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An Institutional Assessment of the Impact of Lesotho Highlands Water Project and Hydropower Development


Lucy Khalema Redeby & Thakane Makume

Executive Summary

While the relationship between energy and climate change is indisputable, the link between gender and climate change, on the other hand, is not very clear. Gender, is the role of man or woman as ascribed by the society and is neither inherent in their nature nor homogeneous. This paper seeks to explain the relationship between gender and climate change with emphasis on the women in Africa. It also briefly examines the links between energy use and climate change. 

Energy use affects women and men differently. In developing countries where division of labour across gender is more marked and visible, women’s roles and responsibilities include cooking, cleaning, washing, growing food for consumption and for sale as well as producing crafts for barter or profit. Each of these activities, and many others, requires a great deal of energy use. However, there is little control women have in negotiating power in relation to pricing, production or convenience of the energy services they require. Similarly, only few countries in the developing countries in Africa have women in decision-making bodies of the government. This has exacerbated the problem since policy decisions are made by men who are not directly affected by such decisions. This paper also assesses the socio-impact of climate changes on various sectors and the implications this has on the women.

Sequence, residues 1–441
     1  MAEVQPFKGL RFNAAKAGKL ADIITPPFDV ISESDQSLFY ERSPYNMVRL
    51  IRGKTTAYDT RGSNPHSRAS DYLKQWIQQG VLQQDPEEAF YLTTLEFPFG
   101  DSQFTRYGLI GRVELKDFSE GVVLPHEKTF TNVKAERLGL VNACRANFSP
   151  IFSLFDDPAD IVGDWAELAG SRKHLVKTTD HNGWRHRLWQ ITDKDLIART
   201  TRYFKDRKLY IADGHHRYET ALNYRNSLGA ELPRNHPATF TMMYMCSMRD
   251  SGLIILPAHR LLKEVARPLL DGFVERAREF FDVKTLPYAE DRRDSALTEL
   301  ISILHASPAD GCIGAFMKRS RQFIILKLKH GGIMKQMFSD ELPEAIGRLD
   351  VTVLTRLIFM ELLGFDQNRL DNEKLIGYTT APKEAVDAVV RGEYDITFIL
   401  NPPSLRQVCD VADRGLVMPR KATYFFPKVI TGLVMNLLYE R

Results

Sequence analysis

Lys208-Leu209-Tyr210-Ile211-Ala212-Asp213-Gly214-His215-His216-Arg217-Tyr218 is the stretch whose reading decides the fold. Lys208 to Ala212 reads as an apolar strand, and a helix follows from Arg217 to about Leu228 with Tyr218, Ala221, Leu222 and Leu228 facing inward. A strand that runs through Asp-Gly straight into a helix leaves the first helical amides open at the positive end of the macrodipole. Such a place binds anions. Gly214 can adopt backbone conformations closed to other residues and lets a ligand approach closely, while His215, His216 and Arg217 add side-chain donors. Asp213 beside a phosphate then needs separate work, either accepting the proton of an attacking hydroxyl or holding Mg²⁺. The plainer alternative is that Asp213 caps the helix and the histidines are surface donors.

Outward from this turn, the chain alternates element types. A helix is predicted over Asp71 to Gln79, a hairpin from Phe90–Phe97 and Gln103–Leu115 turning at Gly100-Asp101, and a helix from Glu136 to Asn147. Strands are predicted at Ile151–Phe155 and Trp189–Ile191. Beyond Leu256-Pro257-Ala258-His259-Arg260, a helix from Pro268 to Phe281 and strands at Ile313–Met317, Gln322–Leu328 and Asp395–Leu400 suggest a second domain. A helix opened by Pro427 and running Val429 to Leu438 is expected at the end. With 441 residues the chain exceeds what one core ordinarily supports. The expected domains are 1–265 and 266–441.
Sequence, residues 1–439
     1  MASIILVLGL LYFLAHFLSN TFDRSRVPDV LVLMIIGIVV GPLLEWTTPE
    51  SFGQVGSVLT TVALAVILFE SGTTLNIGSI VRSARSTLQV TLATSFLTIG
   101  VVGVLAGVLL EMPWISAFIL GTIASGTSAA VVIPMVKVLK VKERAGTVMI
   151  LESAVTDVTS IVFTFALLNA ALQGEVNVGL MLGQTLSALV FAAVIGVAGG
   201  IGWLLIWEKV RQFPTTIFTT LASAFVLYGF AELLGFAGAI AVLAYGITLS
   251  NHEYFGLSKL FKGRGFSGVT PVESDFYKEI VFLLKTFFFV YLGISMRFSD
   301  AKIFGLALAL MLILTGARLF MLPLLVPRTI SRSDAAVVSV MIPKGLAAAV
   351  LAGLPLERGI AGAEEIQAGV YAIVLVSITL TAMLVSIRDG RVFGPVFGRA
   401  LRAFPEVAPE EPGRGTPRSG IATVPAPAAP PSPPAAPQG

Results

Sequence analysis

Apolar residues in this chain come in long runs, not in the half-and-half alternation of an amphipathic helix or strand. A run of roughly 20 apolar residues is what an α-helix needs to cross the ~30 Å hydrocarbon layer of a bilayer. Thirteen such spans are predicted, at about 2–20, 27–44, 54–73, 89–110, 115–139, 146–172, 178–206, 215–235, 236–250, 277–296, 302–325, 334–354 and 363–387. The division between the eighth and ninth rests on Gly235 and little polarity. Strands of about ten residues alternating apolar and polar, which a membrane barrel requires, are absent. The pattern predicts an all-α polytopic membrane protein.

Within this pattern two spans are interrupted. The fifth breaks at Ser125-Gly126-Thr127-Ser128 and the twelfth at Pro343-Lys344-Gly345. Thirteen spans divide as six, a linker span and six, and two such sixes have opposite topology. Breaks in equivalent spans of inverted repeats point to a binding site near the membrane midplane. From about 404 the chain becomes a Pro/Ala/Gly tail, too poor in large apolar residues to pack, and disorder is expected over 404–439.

A number of suggestions are provided to facilitate the design and implementation of policies and action plans to address specific needs of people in response to climate change and energy use issues. Women education is necessary to recognize maladaptive practices and address the root causes of environmental degradation. Linked to this is information dissemination about the threats to livelihoods and disasters so that the risks can be managed. At a regional level, improved agreements and arrangements between countries to prevent droughts and flood damage should be put in place. Moreover, funds from adaptation levy for projects should be put in place to specifically benefit poor women since they are most vulnerable.

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